Open Concept Offices: Helping or Hurting Productivity?
What’s the best way to ensure employees to be productive and proactive? Many will say that the work place environment is a huge factor to the efficiency of the workers. Modern work places have evolved into open concept offices, where several employees share one large office space. But is this necessarily delivering all of the workers needs to be able to produce their work?
As new college graduates enter the corporate world, the corporate world evolves and modernizes with the new incomers. These modern workers have voiced their opinion that it’s important to have a quiet work place that allows complete concentration. Although these open workspaces save money for the company owners, this openness allows noise to travel. Whether on the phone speaking with clients, or discussing a project with a fellow colleague, the entire office could easily become distracted by the noise. Noise canceling headphones have been the result of this open concept office, along with listening to music to drain out the background noise.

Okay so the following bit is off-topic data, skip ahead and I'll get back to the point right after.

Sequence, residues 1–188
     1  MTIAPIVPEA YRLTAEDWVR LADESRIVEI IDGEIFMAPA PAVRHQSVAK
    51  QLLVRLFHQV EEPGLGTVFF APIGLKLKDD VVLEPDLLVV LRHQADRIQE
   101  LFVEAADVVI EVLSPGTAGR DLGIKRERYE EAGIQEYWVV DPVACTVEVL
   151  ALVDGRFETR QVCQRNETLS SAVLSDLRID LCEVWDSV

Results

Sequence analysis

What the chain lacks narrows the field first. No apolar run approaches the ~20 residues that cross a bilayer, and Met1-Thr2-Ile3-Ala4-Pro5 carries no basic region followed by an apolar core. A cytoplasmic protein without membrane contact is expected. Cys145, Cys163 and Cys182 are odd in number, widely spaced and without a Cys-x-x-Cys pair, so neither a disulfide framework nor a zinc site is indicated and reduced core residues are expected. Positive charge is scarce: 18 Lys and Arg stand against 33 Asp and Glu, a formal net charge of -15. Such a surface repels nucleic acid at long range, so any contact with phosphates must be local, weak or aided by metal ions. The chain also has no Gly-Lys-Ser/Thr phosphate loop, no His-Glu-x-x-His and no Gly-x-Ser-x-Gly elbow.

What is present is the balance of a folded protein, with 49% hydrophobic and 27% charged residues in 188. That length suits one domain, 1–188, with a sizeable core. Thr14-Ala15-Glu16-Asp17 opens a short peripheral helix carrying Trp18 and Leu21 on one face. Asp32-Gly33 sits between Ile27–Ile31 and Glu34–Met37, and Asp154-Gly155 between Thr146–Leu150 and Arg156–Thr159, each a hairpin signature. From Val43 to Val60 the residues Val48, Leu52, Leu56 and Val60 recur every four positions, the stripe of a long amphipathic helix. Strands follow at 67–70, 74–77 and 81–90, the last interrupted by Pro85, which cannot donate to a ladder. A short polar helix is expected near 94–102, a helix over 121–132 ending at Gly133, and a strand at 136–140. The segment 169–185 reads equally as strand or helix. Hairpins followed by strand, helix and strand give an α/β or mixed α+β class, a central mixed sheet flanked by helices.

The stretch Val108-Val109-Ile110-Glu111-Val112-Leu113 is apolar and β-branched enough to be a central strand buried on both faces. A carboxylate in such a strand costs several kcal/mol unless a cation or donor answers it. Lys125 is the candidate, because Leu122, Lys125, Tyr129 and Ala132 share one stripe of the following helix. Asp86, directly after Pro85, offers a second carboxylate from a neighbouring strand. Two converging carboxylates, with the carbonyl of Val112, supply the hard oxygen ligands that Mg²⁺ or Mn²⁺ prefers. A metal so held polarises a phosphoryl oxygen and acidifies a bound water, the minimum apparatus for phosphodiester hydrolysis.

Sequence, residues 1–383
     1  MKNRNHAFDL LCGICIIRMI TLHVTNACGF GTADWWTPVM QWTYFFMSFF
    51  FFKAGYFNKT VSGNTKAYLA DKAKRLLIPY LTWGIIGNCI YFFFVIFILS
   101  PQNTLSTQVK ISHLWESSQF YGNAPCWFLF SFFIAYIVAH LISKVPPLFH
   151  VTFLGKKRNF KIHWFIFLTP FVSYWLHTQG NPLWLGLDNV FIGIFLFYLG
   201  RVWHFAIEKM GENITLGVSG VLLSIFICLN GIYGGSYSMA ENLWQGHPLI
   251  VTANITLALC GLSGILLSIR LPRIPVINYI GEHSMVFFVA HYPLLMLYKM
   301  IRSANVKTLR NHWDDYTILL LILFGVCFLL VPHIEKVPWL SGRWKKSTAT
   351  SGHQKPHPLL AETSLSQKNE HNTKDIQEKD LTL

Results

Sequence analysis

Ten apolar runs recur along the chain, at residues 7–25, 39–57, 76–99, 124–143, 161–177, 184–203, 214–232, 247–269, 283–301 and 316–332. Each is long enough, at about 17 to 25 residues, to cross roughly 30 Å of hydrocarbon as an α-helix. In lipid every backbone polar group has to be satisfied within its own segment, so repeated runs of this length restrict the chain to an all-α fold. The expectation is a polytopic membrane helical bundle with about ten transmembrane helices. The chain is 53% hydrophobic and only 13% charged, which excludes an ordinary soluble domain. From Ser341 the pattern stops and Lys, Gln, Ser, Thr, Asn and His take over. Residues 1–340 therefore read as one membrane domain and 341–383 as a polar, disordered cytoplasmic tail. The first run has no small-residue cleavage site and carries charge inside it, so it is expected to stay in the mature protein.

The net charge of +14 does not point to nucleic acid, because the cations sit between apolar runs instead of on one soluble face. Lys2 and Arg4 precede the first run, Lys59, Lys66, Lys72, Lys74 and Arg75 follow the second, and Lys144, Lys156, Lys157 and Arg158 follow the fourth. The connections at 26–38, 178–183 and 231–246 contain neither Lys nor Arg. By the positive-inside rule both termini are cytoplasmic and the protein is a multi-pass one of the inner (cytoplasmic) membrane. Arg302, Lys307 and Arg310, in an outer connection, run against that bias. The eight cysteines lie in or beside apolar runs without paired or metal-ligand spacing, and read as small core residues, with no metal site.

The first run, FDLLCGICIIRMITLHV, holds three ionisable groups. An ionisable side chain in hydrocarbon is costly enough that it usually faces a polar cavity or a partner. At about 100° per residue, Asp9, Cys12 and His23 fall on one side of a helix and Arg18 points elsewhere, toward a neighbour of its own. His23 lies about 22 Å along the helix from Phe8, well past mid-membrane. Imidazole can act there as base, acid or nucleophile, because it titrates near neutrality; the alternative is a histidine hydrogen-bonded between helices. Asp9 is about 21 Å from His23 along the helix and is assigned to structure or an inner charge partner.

Daily, about 70% of Americans work in an open concept workspace. But now that it’s been acknowledged that this concept might not be the answer for the employee’s needs, what are some of the alternatives?
If reconstructing the office, or moving to a new office doesn’t fit your finances, there are small ways to alter the workspace to create more privacy. By creating small quiet areas in the office, this gives the workers that need silence a chance to escape the background sounds. Office pods are a great example of a way to either keep the sound in or out, whether using it for a talking, collaborating area, or a quiet zone.
Upgrading the office to a larger space with more individual offices is perhaps the best option. We, at Capital Realty Group can help you find the office that suits your needs and the needs of your employees. You can reach us at 713-452-9000!
Categorized in: Amazing Spaces, Companies, & Cultures, Houston Real Estate News
This post was written by Cece Garrett